Oh, about the knitting. When my parents were here at Easter, my mom and I spent a lot of time knitting, laughing about knitting and most of all, reminiscing about knitters we have known. In the old days, before the Internet made it possible to befriend other knitters in far-flung locations, your knitting friends were local, i.e., the women you met sitting at the knitting table at your LYS. There was a kind of dance-with-him-what-brung-ya mentality -- find your pal at this table, or go without. Of course, this was hit or miss, but my mom did make many interesting and in some cases lifelong friends this way.

One such friend, Judy, was one of my favorites. She was totally fabulous, with a chic curly bob, pearl chokers and tons of cashmere sweaters. She took a trip to Paris every year with her girlfriends. She was like the cool, funky grandmother everyone wished they had. She was very funny and upfront and would often pull me aside and say things like, "Barbie (my mother's friends still call me that), since it's just us chickens, how do you really feel about living two blocks from your parents?"

Although she's gone now, I have in my possession a sweater she knitted maybe 20 years ago. It's a super-bulky cardigan in a rich grey-plum color with pockets and a belt. I think she made up the pattern as she went along. This garment succeeds in being functional, fashionable and does not, as many bulky knits tend to do, make the wearer look like the Sta-Puft Marshmallow Man. Judy also once spent an entire winter knitting a stash-busting striped scarf -- Dr. Who-style. I think the thing is about 10 feet long. That scarf is in my ex-husband's possession.

So, today, it's all good. This summer my chicks both turn 14. I leave you with pictures of them from Tom's and my wedding, almost six years ago.


March 26, 2010

Flash & Yearn

Hello again!

I was trying to go a whole year between blog posts, but I just couldn't do it. So here I am, thanks to some serious prodding from Timmy, and a gentle nudge from a gentle reader.

Anyway, a while back, when we still had Blockbuster Online, I was searching around for a good movie. The kind that makes you glad you have an online service, as opposed to the kind you let languish for three weeks in the bowl with the bananas. I can't remember the movie that caught my eye, but I do remember that it was categorized as one of many Obsessive Quests. As I browsed around, I realized that I was drawn to Obsessive Quests, in the much the same way I was drawn to Crumbling Marriages, Dying Young, and of course, Witnessing a Crime.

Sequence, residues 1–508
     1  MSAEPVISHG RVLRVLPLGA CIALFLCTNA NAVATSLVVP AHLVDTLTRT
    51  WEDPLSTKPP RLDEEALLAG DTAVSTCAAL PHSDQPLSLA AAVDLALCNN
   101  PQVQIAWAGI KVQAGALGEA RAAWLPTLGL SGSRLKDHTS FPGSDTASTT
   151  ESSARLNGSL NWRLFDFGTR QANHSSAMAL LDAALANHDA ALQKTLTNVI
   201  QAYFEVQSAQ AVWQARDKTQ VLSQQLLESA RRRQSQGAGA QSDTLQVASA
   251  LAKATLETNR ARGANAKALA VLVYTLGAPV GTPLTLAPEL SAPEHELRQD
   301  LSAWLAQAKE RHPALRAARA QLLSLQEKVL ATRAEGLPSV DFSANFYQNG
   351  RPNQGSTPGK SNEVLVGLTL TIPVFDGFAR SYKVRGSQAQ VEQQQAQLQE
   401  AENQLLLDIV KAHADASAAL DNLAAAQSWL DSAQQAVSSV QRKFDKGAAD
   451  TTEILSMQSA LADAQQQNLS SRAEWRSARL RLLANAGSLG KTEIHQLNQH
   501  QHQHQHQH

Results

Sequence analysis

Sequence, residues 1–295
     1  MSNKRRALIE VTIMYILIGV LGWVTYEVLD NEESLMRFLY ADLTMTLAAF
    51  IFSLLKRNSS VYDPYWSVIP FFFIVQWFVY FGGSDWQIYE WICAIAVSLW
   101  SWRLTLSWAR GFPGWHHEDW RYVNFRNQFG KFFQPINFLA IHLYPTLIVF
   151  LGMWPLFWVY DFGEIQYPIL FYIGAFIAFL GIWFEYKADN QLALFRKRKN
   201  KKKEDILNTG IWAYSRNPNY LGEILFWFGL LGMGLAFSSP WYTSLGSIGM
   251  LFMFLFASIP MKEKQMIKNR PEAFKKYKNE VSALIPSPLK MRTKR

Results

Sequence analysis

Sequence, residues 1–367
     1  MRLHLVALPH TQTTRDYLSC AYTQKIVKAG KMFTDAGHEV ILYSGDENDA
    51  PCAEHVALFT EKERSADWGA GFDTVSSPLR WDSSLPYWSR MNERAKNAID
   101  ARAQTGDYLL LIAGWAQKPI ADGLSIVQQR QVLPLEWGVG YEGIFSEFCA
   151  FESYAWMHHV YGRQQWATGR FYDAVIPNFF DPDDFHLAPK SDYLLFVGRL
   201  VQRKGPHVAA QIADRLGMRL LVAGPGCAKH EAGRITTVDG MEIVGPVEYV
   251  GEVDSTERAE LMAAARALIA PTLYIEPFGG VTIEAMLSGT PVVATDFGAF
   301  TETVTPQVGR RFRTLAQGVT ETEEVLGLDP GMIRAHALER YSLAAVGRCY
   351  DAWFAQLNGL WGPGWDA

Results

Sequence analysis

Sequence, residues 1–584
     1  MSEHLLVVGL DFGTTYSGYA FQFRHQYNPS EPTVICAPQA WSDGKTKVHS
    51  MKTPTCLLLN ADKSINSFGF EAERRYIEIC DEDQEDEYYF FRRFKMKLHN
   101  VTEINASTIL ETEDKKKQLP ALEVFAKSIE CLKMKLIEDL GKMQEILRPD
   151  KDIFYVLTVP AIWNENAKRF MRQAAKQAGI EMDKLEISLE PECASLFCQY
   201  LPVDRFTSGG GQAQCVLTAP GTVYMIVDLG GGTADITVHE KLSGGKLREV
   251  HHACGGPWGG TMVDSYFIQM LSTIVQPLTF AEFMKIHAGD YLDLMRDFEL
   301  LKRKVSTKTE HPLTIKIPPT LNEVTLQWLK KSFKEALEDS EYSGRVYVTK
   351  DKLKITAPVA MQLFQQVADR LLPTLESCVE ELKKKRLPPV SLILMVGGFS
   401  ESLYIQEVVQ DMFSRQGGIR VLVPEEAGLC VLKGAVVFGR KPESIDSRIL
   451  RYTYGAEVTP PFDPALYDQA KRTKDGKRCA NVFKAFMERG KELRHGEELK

In my time, I have been witness to any number of Obsessive Quests: Ornamental Grasses, N-Scale Model Railroad, 5 Gum, Bakelite Cherries, Beaujolais Nouveau, Flipping Off All Extant Cement Mixers, just to name a few. Most poets, also, live for the Obsessive Quest. Do I even need to mention knitters and their obsessive quests? The Socks That Rock Booth at Rhinebeck comes to mind. Malabrigo, Pigeonroof, Sundara anyone?

Tea Leaves
First picture of Tea Leaves.

My most recent Obsessive Quest? The Tea Leaves Cardigan, hands down. I swatched. I calculated. I planned. This is possibly my favorite hand knit. Ever. Never mind the entirely cabled cardigan from Vogue Knitting I made (out of Maratona) in the 80s while watching Reds over and over again from a king-sized water bed. Goodbye, February Lady Sweater and all other viral knits! This pattern took hold of me like nothing else. And then it was done. I missed it so much, I made a toddler-sized garter yoke cardi in the same yarn. I thought of Berryman, and all those Dream Songs. I flashed and yearned.

I know Heather felt the same way. On a Wednesday, she texted me that she was only 2 inches below the armholes - complete with frowny face. Sunday morning? The text said -- it's blocking (smiley).

Last picture of O W L S.

Borne along by my Tea Leaves success, it was onward and upward to O W L S. My new love. I yearned for this sweater. Yes, I swatched. I planned, I knitted on, through Swine Flu, Thanksgiving and Christmas. And yet, it was big. The back poofed. I sewed on all 38 button eyes during the Super Bowl. The sleeves sagged. I blocked, I soaked, I threw it in the dryer. It still wasn't right. I frogged. Because, as we now know, knitting is ripping and ripping is knitting. My Quest seemed for naught.

But that's the nature of the Obsessive Quest -- dazzling highs and punishing lows. Probably the same is true of Marriage and Crime. It's Spring and so to my Quest. After weeks of stewing over it all, whining to anyone who will listen, and weighing the relative merits of size 36 vs 38, I'm ready. I've bought new yarn, printed out a fresh copy of the pattern and obsessively check the project gallery on Ravelry for newly finished sweaters. Because I really want that sweater. Hopefully, the second time's the charm.